Comment on "Pseudopautrier's Abscess"
We read with great interest the article by Lee et al.1 entitled "The three dimensional conformal radiotherapy for hyperkeratotic plantar mycosis fungoides"1. We agree with the effectiveness of three-dimensional conformal radiotherapy for hyperkeratotic plantar mycosis fungoides (MF) and appreciate the educational figures. However, in this case report, the authors have described "the presence of intraepidermal collections of mononuclear cells showing hyperchromatic atypical cells that were compatible with Pautrier's microabscesses (PA)". We would like to suggest intraepidermal mononuclear collections described by the authors are not consistent with PA, but with pseudopautrier abscesses (PPA), regarded as a marker of spongiotic processs.
PA are one of the pathologic hallmarks of MF. They represent "punch-out" spaces in the epidermis filled with malignant T-lymphocytes (sometimes cerebriform). The aggregates of clonal T cells around Langerhans' cells explain the dependence of the T cells on interactions with these dendritic cells, particularly in the early stages of the disease2. PPA were first described as spongiotic stimulants of PA by Ackerman et al.3 in 1974. They consist of Langerhans cells, histiocytes, stellate keratinocytes and rare lymphocytes. In one study by Candiago et al.4, they were found in a variety of inflammatory disorders showing epidermal spongiosis, and were particularly frequent in spongiotic (43.4%), in lichenoid dermatitis (10%), and notably in MF (13.3%). Moreover, according to Kang et al.5, PPA were expressed in up to 25.5% of MF (24/94). They emphasize that the differential diagnostic hallmarks between PPA and PA are morphology, cell types, and particularly additional immunohistochemical findings, as shown in Fig. 1, ,22.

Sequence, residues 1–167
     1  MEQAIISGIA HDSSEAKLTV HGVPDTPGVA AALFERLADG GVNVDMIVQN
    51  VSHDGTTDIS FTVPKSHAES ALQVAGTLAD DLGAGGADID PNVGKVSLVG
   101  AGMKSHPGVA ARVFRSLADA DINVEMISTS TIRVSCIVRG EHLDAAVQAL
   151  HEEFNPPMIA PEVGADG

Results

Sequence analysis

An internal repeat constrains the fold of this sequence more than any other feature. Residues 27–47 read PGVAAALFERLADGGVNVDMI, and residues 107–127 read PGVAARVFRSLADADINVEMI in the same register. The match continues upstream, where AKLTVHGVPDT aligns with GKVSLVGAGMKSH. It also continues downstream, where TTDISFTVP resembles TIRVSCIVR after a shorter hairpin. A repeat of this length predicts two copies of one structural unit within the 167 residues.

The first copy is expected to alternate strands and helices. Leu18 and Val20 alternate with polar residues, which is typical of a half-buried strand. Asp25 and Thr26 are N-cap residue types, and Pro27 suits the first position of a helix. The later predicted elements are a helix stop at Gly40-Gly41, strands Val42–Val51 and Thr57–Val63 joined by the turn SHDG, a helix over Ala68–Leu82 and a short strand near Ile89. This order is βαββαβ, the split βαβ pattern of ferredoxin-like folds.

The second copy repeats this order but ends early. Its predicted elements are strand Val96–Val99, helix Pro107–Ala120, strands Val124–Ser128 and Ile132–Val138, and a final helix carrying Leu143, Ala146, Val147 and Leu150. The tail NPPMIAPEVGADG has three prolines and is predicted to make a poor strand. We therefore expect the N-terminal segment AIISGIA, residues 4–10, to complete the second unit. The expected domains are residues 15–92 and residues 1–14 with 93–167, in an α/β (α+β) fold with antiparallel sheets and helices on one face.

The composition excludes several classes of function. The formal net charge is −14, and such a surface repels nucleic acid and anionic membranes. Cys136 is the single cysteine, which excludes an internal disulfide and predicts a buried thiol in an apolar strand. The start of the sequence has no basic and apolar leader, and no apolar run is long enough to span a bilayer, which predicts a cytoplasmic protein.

Histologic findings considered as PA by Lee et al.1 favor more PPA, judging from adjacent prominent spongiosis, and predominance of nonlymphoid cells, showing presence of histiocyte, Langerhans cell, and stellate keratinocyte without atypical features. Additional immunohistochemical study will be also useful in the differential diagnosis, using CD1a, CD3, CD4, CD68, and high molecular cytokeratin5.
PPA are not an infrequent histologic finding in MF, particularly more common with MF palmaris et plantaris referring to the hyperkeratotic MF5. Thus, it is not suitable to exclude the diagnosis of MF unquestionably, when PPA are seen in biopsy specimen. In addition, when collections of intraepidermal mononuclear cells are observed in typical MF, the clinician should be cautious before concluding they are PA, and a careful histological and immunohistochemical evaluation must be performed carefully to distinguish PPA from PA.